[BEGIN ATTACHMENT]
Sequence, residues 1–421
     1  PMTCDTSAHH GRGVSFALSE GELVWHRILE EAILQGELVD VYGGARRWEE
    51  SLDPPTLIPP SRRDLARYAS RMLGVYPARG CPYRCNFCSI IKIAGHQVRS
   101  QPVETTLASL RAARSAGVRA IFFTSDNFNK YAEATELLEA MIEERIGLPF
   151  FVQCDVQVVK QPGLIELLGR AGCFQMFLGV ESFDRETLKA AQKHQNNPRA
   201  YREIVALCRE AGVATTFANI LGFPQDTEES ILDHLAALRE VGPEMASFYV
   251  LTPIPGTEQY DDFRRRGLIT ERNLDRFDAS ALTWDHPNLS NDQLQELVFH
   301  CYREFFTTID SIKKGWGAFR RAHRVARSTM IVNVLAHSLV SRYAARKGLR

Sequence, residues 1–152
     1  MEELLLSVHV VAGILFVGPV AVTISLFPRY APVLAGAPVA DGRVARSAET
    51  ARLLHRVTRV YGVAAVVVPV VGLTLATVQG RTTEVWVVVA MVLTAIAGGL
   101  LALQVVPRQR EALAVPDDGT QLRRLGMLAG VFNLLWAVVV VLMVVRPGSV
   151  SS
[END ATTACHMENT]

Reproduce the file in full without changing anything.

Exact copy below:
Sequence, residues 1–421
     1  PMTCDTSAHH GRGVSFALSE GELVWHRILE EAILQGELVD VYGGARRWEE
    51  SLDPPTLIPP SRRDLARYAS RMLGVYPARG CPYRCNFCSI IKIAGHQVRS
   101  QPVETTLASL RAARSAGVRA IFFTSDNFNK YAEATELLEA MIEERIGLPF
   151  FVQCDVQVVK QPGLIELLGR AGCFQMFLGV ESFDRETLKA AQKHQNNPRA
   201  YREIVALCRE AGVATTFANI LGFPQDTEES ILDHLAALRE VGPEMASFYV
   251  LTPIPGTEQY DDFRRRGLIT ERNLDRFDAS ALTWDHPNLS NDQLQELVFH
   301  CYREFFTTID SIKKGWGAFR RAHRVARSTM IVNVLAHSLV SRYAARKGLR

Sequence, residues 1–152
     1  MEELLLSVHV VAGILFVGPV AVTISLFPRY APVLAGAPVA DGRVARSAET
    51  ARLLHRVTRV YGVAAVVVPV VGLTLATVQG RTTEVWVVVA MVLTAIAGGL
   101  LALQVVPRQR EALAVPDDGT QLRRLGMLAG VFNLLWAVVV VLMVVRPGSV
   151  SS